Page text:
I have also been told by a nurse at the medical centre that I will be taught how to do these treatments myself. Oh, joy. Oh, bliss. Oh, excuse me while I vomit.

The date on the papers is July 12th. Yes, I have been stalling. At first, I was at camp and so stalling came naturally. Then I was recovering from camp. That took a whole week. Then, I just didn't want to do it. I promised myself and my poor beleaguered bladder that this week would be IT. My bladder has reacted by flaring. I feel as if the lower half of my body is filled w/razors, and not the dull, dollar store ones, either.

And so, I hold the papers and re-read them and hope in vain that they don't say what I know they do say. I am afraid of having the treatments. I don't want any more pain. When I looked up the details of these medications that are supposed to decrease my pain level, it always disturbs me to find that increased pain is a side effect. I can handle my face puffing up like a birthday balloon, or hands going numb, or my knees turning purple, but more pain? Seriously?

Pain like this makes me feel weak, panicky and fragile. I am usually careful about who I talk to about how I feel in times like this. Inevitably, there will be a perfectly healthy person who wants to tell me how tough they are with pain, how they have dental procedures without anesthetic, how they give birth without happy drugs, how their last kidney stone was passed while squatting beside a hayfield, after which they hopped right back onto the wagon and kept on baling hay.

I have to admit, it takes all the power of God working in me to keep my mouth shut when one of these dear, brave ones comes down with the sniffles and spends 19 minutes of a 20 minute conversation whining about sore throats and red noses.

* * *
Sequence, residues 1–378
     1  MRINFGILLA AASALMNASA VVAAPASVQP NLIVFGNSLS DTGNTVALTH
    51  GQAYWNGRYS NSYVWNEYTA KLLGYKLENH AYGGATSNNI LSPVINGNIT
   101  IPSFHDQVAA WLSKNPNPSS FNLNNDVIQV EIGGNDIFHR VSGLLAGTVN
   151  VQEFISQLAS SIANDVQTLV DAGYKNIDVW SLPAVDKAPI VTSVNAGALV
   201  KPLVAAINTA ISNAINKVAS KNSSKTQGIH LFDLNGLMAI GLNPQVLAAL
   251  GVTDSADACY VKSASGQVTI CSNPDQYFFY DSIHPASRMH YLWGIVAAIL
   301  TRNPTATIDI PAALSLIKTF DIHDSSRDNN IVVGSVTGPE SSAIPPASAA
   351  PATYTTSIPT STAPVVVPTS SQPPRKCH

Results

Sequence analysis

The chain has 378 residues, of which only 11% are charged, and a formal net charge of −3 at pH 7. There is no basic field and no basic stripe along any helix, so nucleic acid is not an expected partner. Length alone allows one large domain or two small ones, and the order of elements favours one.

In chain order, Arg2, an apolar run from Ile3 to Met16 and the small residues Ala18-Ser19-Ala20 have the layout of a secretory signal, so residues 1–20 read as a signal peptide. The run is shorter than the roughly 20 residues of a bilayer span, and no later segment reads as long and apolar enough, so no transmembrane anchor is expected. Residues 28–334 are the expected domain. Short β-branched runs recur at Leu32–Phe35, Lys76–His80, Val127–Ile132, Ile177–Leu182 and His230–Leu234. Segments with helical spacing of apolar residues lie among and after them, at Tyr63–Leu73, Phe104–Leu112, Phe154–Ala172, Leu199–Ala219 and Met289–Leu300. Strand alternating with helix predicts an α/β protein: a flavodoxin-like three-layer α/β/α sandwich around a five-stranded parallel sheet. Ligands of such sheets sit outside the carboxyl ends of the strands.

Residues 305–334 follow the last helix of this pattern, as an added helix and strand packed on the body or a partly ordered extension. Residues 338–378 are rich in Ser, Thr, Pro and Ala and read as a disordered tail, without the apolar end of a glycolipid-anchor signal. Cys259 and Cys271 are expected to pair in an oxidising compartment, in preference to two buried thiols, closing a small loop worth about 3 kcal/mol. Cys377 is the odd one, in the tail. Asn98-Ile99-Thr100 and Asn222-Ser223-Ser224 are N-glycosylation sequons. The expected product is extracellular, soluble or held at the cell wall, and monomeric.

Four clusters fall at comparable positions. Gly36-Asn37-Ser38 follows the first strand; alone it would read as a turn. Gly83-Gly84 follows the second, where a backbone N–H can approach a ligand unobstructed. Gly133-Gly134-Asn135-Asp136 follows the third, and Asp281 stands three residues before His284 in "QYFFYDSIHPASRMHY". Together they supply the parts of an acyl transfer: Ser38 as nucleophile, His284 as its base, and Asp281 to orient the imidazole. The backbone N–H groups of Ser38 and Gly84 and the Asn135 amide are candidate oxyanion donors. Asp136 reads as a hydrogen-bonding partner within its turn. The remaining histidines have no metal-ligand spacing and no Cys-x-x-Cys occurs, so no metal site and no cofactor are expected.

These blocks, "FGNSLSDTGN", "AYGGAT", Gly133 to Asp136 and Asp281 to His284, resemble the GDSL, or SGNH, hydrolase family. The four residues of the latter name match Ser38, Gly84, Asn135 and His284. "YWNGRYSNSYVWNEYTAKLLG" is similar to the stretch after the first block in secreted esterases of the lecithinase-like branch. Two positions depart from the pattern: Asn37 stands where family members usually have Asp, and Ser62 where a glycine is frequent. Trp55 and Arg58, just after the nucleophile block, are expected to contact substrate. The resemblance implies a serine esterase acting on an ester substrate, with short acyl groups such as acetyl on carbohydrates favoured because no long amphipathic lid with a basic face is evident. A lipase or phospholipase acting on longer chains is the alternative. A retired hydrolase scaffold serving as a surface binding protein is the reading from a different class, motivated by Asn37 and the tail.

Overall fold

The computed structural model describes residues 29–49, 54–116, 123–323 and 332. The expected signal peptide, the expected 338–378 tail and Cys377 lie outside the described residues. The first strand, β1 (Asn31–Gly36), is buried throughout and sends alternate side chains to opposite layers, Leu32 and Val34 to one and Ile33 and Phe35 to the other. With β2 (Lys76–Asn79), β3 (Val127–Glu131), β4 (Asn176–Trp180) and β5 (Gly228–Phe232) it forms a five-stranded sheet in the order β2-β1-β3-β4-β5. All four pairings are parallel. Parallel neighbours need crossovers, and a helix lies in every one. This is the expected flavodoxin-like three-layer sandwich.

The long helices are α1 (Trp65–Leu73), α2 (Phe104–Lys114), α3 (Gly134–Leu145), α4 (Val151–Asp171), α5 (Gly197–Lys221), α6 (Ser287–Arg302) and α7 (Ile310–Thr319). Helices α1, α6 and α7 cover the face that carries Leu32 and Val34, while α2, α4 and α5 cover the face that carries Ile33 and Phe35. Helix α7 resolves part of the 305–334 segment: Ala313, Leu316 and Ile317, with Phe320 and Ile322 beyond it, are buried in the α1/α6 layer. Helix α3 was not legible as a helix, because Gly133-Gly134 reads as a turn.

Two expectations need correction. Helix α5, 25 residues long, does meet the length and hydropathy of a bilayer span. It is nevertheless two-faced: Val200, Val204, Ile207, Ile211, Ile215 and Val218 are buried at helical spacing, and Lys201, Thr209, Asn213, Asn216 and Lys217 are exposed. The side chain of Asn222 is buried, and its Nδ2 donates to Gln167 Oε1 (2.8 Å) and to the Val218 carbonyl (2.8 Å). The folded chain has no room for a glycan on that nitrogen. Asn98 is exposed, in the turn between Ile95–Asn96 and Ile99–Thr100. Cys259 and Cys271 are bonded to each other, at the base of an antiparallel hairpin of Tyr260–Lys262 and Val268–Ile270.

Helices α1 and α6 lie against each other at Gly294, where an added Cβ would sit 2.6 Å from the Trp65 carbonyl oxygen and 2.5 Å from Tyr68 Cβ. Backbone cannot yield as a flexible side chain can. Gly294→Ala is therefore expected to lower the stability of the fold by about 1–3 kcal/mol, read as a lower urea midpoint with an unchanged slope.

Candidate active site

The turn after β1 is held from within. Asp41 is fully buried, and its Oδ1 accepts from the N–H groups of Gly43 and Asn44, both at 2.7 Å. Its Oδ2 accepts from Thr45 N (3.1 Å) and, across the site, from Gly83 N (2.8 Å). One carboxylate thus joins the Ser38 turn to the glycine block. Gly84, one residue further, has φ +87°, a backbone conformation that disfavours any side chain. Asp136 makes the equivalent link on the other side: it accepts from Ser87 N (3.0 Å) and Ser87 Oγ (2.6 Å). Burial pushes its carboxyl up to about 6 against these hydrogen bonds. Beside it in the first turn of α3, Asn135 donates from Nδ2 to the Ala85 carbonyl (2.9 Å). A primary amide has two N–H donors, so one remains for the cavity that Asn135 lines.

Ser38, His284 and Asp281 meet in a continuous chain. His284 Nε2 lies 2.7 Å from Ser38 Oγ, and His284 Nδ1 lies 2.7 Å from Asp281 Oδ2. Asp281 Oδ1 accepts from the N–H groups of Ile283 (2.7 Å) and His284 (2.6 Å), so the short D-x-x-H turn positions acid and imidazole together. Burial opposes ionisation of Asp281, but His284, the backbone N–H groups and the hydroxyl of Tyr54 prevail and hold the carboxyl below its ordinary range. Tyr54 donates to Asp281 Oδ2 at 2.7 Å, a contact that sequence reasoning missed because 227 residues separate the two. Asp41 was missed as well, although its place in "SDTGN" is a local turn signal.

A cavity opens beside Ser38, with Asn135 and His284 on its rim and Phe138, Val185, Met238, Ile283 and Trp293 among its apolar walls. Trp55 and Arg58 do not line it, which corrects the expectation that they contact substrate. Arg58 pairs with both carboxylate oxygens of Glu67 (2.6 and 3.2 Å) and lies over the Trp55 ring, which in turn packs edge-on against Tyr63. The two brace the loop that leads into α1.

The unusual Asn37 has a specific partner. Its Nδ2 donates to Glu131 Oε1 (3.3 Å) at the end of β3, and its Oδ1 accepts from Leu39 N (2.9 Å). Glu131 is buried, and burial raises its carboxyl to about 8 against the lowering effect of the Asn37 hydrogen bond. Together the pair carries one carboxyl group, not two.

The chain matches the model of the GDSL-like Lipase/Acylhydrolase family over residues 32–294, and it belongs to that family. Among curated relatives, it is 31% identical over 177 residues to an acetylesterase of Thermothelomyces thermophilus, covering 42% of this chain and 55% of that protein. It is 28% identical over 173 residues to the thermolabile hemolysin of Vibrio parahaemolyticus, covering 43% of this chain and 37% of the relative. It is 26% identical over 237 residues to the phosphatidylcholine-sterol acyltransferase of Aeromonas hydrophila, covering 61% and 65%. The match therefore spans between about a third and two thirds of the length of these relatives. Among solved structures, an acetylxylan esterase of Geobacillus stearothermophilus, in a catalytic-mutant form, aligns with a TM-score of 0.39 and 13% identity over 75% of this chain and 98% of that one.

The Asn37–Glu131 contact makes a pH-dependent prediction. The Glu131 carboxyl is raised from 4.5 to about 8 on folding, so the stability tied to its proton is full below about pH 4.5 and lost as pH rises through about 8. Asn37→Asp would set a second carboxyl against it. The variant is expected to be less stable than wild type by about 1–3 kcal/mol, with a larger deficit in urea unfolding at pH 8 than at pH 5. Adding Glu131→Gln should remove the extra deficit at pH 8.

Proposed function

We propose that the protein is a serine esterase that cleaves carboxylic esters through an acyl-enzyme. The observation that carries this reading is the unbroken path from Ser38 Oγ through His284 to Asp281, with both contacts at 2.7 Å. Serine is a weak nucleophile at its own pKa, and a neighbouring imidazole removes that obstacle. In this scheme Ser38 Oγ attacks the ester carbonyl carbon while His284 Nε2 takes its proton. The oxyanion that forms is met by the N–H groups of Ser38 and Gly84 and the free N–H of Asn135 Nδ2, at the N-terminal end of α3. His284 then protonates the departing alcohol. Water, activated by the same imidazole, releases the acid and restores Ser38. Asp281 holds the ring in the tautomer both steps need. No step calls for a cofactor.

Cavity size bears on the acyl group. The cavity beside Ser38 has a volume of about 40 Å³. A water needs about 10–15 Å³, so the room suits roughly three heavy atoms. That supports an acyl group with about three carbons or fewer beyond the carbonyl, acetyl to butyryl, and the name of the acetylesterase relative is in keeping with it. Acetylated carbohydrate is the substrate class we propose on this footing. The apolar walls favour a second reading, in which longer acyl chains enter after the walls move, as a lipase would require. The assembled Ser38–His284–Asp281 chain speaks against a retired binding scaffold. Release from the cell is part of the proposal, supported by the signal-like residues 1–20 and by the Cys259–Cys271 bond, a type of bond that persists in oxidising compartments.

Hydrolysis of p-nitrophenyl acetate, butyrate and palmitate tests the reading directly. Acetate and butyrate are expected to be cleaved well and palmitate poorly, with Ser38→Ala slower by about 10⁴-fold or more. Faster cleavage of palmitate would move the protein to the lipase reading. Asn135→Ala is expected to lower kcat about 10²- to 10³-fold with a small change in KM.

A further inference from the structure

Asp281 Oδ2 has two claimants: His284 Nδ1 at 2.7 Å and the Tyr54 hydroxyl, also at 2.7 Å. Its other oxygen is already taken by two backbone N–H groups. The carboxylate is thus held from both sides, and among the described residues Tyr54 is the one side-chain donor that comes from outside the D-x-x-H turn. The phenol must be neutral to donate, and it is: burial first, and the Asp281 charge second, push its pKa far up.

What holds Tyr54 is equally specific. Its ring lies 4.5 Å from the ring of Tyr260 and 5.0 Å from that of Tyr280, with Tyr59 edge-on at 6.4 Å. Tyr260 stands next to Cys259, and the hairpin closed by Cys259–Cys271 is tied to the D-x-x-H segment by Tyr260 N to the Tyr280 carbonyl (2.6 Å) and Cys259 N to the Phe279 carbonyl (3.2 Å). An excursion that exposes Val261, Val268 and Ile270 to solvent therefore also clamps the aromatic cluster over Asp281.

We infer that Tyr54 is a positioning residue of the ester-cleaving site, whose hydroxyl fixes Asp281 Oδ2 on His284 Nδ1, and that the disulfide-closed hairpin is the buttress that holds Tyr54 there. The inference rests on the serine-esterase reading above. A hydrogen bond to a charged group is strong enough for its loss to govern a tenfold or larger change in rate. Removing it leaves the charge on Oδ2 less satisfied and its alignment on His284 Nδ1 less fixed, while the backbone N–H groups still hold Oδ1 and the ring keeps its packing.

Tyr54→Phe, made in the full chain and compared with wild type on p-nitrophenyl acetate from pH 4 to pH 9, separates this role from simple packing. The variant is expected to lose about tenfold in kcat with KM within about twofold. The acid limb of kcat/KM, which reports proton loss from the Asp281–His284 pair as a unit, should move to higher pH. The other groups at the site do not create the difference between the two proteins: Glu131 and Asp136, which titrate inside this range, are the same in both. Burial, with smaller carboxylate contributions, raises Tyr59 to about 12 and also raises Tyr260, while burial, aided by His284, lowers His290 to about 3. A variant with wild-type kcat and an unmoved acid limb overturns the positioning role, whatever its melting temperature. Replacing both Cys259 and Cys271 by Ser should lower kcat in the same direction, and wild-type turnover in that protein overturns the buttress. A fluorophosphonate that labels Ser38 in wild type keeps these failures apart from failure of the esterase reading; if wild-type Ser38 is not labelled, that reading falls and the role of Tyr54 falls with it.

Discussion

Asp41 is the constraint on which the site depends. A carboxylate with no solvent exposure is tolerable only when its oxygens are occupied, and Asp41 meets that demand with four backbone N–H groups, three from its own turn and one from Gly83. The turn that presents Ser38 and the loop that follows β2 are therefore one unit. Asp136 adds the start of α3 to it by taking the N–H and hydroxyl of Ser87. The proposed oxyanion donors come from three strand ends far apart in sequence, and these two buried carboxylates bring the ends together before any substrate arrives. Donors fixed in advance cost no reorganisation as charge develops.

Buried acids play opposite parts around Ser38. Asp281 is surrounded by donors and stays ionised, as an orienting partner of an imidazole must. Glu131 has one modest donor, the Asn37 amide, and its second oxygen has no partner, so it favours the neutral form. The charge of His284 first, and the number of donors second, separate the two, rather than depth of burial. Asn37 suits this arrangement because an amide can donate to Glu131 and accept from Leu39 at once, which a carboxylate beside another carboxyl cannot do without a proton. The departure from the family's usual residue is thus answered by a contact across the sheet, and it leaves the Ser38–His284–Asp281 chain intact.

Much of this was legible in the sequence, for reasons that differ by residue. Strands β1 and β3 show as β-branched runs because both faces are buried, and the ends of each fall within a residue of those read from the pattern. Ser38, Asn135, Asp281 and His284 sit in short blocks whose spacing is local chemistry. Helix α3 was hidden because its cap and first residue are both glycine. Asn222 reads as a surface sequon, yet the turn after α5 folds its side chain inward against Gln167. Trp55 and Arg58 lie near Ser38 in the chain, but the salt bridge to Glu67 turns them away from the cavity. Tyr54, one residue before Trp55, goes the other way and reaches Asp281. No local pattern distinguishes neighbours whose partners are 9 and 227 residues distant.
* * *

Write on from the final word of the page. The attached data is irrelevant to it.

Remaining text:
"Didn't they have any of those tissues with the lotion in them? *cough cough*"


It has been my prayer all along that being chronically ill would make me more compassionate, and that I would be able to see that those who don't understand, who judge harshly in ignorance or arrogance are much worse off that I am. Everyone suffers physically at some point, and compassion prepares us for our own suffering as well as for that of others. Those who have admonished me to "will the pain away", or to trust God more are left discouraged, lost and subject to their own judgment when they are unable to will their own pain away.

Being in pain, especially when it is as intense and sharp as it is now, automatically creates a fear reaction. The body is convinced it is in danger, especially when the pain is visceral. Facing a medical procedure that may increase the pain is a daunting task, at the best of times. I think, by writing this blog post and re-reading the prescriptions sheets, I am giving myself permission to be daunted.

I am, officially, daunted. Which is not to say that I am not going to show up at the front desk of my local CLSC, clutching my well-read prescription sheet, pale, shaky and ready to act a complete fool if only it will cause some compassionate soul to take pity on me and not leave me to do these treatments myself.

The thing is, God and I have been talking about this, and I think He's right. Trusting Him means acknowledging the pain, admitting my fear, and asking Him for courage that is beyond myself. It means choosing to believe that His love is real and active in me, even when my hands are shaking and the very word "catheter" makes me cringe. It means that this entire situation is about more than white lab coats, doctor-scratches, and medicines that may or may not burn. Even if at this very moment, I am not sure what it is all about, God knows. Which is not such a bum deal. Seriously.
My Zimbio